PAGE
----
Why many CFOs are reaching into the cost side of the business - especially now.
- Continued economic uncertainty in 2024 will drive many businesses to more proactively control their costs as a means of achieving profit targets.
- Developing more robust cost consciousness and cost containment capabilities can help companies save considerable sums without resorting to cost cutting or layoffs that can negatively impact an organization’s ability to grow.
- The contractual long middle period between signing a multi-year contract and renewing it provides significant opportunities for cost containment for organizations that prioritize putting in the time and effort to uncover the savings.
With the new year well underway, companies are heavily factoring economic uncertainty into their strategies for hitting their 2024 numbers and meeting the promises made to their various stakeholders. The reality is, for many companies, growth is not a given this year. That means companies will reach into the cost side of their businesses to hedge against uncertainty and potentially slower or declining sales. For many organizations, proactive cost control represents new territory, especially for businesses that have historically benefited from steady sales growth or M&A.
We sat down with our newest board member, recently retired longtime CFO Michael Lewis, to gain insight into how financial leaders are dealing with uncertainty in the new year and why this may be the ideal time for growth-focused and highly acquisitive companies to turn some of their attention toward the hard work of cost management. We discussed how the best CFOs develop the full spectrum of cost optimization skills, including what Mike bucketed into three phases: cost consciousness, cost containment, and the least desired state of cost-cutting.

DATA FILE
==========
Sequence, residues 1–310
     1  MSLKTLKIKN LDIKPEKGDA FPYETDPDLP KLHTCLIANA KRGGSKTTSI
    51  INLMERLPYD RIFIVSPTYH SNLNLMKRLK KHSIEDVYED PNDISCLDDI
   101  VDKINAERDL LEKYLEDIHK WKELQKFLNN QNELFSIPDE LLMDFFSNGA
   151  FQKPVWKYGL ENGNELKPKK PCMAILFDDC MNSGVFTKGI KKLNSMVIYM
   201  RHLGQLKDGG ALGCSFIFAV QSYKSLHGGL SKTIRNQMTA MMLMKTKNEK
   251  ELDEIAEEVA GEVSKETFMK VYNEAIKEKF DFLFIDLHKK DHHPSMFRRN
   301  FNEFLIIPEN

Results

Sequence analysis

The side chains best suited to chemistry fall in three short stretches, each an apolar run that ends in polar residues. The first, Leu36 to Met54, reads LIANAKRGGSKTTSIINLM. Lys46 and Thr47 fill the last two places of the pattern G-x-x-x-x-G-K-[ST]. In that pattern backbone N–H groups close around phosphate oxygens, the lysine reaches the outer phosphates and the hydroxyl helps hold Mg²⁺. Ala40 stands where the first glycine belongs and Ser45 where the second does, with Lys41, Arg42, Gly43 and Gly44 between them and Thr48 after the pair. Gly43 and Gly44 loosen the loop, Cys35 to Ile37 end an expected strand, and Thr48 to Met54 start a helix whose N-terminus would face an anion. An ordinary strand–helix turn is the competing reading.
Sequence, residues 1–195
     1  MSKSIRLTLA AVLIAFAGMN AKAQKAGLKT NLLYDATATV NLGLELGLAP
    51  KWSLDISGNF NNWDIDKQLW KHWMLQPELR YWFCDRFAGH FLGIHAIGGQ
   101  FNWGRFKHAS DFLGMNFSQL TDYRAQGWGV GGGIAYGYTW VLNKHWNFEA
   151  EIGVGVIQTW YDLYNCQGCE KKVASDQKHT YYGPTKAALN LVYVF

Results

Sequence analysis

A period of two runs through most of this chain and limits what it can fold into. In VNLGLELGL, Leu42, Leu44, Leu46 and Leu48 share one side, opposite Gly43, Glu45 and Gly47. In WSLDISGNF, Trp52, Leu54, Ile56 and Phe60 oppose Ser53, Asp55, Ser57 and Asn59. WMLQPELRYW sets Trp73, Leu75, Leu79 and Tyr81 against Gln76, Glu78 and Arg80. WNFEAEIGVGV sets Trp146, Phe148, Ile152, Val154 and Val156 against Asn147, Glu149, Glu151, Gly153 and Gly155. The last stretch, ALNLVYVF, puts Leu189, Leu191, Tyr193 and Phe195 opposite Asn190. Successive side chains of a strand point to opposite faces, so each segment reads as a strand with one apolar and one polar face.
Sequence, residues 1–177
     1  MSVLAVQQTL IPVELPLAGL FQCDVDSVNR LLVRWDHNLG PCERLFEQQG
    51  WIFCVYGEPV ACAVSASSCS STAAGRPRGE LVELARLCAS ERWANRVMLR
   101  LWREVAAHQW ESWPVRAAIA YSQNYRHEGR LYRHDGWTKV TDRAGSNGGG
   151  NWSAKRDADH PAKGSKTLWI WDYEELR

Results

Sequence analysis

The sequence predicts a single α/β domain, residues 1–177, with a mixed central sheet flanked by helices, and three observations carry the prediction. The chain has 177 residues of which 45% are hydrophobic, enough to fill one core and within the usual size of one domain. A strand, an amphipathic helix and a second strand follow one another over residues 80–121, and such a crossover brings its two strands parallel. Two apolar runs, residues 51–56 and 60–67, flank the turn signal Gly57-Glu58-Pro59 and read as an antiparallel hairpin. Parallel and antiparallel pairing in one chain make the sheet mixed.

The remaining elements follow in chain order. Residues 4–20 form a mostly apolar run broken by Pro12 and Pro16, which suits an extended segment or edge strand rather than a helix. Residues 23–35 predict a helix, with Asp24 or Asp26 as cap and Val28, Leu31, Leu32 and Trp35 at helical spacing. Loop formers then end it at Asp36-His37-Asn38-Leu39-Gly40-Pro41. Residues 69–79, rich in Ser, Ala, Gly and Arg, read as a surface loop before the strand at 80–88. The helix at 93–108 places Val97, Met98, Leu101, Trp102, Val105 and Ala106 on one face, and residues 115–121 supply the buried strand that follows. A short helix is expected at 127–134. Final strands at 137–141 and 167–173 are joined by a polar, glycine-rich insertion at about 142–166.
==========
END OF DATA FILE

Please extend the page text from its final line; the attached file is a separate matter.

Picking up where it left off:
Read on for the details of the conversation and Mike’s insightful perspective.
Q: From a CFO’s perspective, what is the biggest concern about the current market conditions?
A: I think 2024, while it won’t be worse than 2023 for most businesses, it has the potential to be flat for many companies. The macroeconomy may not be in a technical recession, but there are still pockets of angst, driven largely by ongoing uncertainty. Right now, CFOs are getting a lot of mixed signals: layoffs are happening, but retail sales are up. Inflation looks like it’s getting tamer one month, which changes the next. Private equity exits have slowed down, and new deals aren’t as plentiful. And it’s harder to buy companies, especially if you’re funding them with debt.
In these uncertain times, CFOs simply don’t trust that growth will happen. Nevertheless, they still have EBITDA targets that they’ve either told the Street through guidance or that private equity has established for them. They’ve got to get to the numbers somehow.
Q: If growth isn’t a given, what levers can CFOs pull?
A: In times of uncertainty, CFOs who can’t trust growth have to pivot and drill deeper into the cost side of the business. For many, this is easier said than done. If you are an M&A CFO or a CFO in a sales-driven company that’s been operating in growth mode, for example, you haven’t spent a lot of cycles on P&L cost reductions because you haven’t had to. You’re too busy putting infrastructure into place. The contracts for what you’re buying sometimes go by the wayside. You’re probably thinking more about how we can spend money by adding more salespeople versus looking at the supplies or services contracts to find opportunities for savings.
But there’s value to be had within those contracts; now’s a good time to tap into it. Often, it’s not just the purchase price where you can save. There are rebates, volume discounts, and many other types of contract provisions that aren’t being actively managed and have the potential to impact the bottom line significantly.
Integration is another area to investigate, especially for companies that have recently done a lot of M&A. When you’re buying a company, you’re assuming their contracts. But companies often move on to the next deal, and they don’t always have a dedicated integration team that captures the synergies and ensures that contract terms are optimized across the board. Software as a Service (SaaS) spending is just one example of an area where M&A results in costly redundancies that often go overlooked.
Q: How do CFOs typically think about controlling their costs?
A: The approach to cost largely depends on the CFO’s orientation. For example, organizations and CFOs can be accounting-focused, M&A-focused, sales-focused, or operations-focused. Their appetite for spending and cost optimization will depend on the growth mode and momentum of the company.